Glenn Moore’s resignation was inevitable and gives the Black Ferns an opportunity at a much-needed reset.
At the end of its bumpiest week, New Zealand are left without a head coach less than six months out from their home World Cup.
Though this is clearly far from ideal, Moore’s position had become untenable, as the man who was the catalyst for the review itself and the tactician of New Zealand’s ill-fated tour Northern tour last year.
Two significant changes have taken place since then. The team has gone professional and the coaching expertise around them has been improved, with people like Wayne Smith coming on board to support the players through to the World Cup.
It was obvious when last week’s review emerged that New Zealand Rugby felt losing Moore, despite the scathing findings the report laid bare, was a disruption too far for a team already with a mountain to climb to catch up with England and France.
His unplanned departure presents a headache therefore, but also an opportunity.
The team can first of all start to move on from the instability of recent months with the review no longer hanging over their heads and with fresh faces presenting a chance for the environment to feel like a new start.
A new head coach also has the advantage of knowing exactly what has been lacking, with the review recommendations set out on front of them like a more than handy tick box list of what to address immediately.
And as with any new coach, there’ll also be a clamour from players to impress just that little bit more with the possibility that this presents a galvanising moment for New Zealand to push on and make the extra improvements so desperately needed if they’re to retain the World Cup.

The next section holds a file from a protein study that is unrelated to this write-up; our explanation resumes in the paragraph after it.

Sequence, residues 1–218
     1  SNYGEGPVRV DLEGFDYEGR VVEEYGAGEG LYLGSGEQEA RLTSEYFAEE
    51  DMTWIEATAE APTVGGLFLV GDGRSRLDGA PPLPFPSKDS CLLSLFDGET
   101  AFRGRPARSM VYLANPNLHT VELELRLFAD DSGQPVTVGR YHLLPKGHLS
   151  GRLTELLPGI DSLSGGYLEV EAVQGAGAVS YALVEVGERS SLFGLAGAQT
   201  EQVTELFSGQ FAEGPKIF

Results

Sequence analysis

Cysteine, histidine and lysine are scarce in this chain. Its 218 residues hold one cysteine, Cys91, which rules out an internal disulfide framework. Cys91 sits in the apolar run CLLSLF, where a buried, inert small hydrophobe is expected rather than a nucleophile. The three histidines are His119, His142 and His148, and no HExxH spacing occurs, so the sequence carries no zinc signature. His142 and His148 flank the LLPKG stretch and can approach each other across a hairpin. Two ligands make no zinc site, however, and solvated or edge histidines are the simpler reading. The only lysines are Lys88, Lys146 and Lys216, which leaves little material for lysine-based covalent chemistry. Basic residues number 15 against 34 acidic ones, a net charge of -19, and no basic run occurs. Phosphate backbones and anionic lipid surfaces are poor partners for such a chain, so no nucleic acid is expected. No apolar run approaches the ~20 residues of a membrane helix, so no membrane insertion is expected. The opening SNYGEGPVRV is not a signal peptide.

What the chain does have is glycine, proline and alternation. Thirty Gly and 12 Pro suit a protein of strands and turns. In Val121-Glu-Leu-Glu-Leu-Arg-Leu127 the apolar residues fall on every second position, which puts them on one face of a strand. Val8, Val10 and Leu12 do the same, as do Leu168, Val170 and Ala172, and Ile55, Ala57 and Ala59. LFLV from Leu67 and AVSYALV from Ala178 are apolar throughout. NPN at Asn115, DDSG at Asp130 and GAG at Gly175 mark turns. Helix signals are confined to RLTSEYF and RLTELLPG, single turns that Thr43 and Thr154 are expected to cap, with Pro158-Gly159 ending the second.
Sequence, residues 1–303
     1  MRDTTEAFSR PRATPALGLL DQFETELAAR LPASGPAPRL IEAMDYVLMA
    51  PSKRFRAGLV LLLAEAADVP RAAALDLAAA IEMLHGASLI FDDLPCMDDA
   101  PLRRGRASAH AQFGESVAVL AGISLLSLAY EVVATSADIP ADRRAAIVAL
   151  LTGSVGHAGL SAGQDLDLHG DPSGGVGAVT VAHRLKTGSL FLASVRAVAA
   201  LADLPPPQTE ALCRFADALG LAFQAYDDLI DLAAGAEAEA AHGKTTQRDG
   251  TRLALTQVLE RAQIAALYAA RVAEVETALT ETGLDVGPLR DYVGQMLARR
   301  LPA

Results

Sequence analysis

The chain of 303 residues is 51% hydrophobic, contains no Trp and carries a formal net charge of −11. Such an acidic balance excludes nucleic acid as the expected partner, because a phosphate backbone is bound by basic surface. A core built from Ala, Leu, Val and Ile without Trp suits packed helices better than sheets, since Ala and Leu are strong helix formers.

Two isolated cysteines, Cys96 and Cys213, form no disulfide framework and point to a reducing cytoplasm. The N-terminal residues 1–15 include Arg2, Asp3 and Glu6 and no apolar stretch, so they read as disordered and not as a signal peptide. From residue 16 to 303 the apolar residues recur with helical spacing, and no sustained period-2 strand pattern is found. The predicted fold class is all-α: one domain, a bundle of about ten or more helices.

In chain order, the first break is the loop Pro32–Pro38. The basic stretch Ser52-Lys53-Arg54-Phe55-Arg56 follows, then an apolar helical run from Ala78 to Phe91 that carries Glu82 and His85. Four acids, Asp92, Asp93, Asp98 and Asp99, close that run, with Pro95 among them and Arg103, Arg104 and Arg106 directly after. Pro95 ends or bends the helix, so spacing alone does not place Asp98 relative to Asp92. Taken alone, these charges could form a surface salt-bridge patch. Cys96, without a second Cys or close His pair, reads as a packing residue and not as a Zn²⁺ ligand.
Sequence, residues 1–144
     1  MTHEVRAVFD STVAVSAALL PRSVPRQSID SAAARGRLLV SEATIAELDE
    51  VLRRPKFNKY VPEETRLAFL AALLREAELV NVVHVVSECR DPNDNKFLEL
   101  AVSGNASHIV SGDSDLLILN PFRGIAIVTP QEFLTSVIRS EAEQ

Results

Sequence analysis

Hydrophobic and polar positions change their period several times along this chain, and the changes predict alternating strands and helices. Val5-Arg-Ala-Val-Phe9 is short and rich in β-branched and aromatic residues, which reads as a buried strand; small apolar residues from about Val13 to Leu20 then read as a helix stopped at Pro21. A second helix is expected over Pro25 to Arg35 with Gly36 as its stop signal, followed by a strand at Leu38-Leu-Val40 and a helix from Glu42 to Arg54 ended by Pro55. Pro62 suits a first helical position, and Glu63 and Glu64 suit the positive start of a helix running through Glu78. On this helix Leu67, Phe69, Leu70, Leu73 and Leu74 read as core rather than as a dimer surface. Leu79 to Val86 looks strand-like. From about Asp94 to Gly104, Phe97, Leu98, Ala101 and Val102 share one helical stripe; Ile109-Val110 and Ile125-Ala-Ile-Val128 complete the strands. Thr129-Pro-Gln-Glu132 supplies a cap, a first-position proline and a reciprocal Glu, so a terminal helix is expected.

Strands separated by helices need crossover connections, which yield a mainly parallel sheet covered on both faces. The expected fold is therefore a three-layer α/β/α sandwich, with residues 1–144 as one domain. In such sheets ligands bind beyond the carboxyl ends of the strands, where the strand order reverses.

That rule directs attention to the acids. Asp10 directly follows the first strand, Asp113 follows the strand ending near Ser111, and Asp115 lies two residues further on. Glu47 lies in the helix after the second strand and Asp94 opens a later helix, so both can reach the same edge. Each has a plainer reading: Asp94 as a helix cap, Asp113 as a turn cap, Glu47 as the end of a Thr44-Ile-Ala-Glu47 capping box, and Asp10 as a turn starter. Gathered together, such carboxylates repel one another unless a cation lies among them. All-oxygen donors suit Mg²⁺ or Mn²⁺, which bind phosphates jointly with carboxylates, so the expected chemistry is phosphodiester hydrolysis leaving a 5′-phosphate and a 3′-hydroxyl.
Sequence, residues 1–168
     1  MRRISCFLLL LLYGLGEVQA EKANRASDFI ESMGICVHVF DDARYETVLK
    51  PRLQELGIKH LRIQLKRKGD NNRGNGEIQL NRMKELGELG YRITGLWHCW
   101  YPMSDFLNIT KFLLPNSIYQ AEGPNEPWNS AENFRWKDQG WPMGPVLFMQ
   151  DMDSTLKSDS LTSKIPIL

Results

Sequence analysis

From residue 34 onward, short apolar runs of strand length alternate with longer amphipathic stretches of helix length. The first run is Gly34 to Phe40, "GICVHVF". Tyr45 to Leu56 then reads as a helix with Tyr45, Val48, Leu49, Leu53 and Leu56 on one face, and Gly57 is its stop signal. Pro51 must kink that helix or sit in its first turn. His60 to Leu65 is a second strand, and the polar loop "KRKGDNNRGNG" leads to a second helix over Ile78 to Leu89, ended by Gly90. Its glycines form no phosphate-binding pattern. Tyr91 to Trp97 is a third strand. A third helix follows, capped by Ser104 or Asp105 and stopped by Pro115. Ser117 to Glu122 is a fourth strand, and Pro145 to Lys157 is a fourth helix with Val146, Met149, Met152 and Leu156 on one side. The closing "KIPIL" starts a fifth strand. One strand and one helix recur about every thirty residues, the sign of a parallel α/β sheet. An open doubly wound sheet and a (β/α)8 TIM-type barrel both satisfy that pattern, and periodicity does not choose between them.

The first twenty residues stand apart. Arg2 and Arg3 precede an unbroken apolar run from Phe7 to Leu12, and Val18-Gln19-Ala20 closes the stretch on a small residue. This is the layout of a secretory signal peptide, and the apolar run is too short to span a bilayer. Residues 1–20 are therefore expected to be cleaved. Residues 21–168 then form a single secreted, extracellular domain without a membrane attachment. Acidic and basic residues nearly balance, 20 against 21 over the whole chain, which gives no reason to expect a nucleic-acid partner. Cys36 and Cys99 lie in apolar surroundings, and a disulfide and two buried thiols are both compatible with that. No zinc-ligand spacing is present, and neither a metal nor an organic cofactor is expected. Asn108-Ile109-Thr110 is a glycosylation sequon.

As Ireland coach Greg McWilliams noted recently when discussing his side’s defeat to Wales, it is more than possible in women’s rugby to close performance gaps quickly given the ceiling without the necessary resources is so low.
With a better environment, fresh start-feel and increased motivation it is not ridiculous to say that if anyone can bridge the gap so obvious last year, it is New Zealand even if you watched those games and winced at how far the team had fallen.
But it would be remiss to pretend Moore’s departure significantly shortens New Zealand’s odds.
Their main rivals England and France have significantly more advantages than them. Better investment, more playing time, and crucially, extremely settled coaching and management teams to name just a few. They are in refining mode which is an infinitely better place to be when the plane ride to the World Cup is just months away.
Smarter people than me will also tell you that changing a coach just months out from a World Cup is the reddest of high-performance red flags. Moore will have been driving the team’s culture, strategy, tactics and technical direction.
Even by the fact of their 'newness' a new coach will likely upend all of that and even if it’s for the better, that’s an awful lot for a team to take on and adapt to in such a short time.
But if anyone can, the Black Ferns can. It will be a fascinating watch.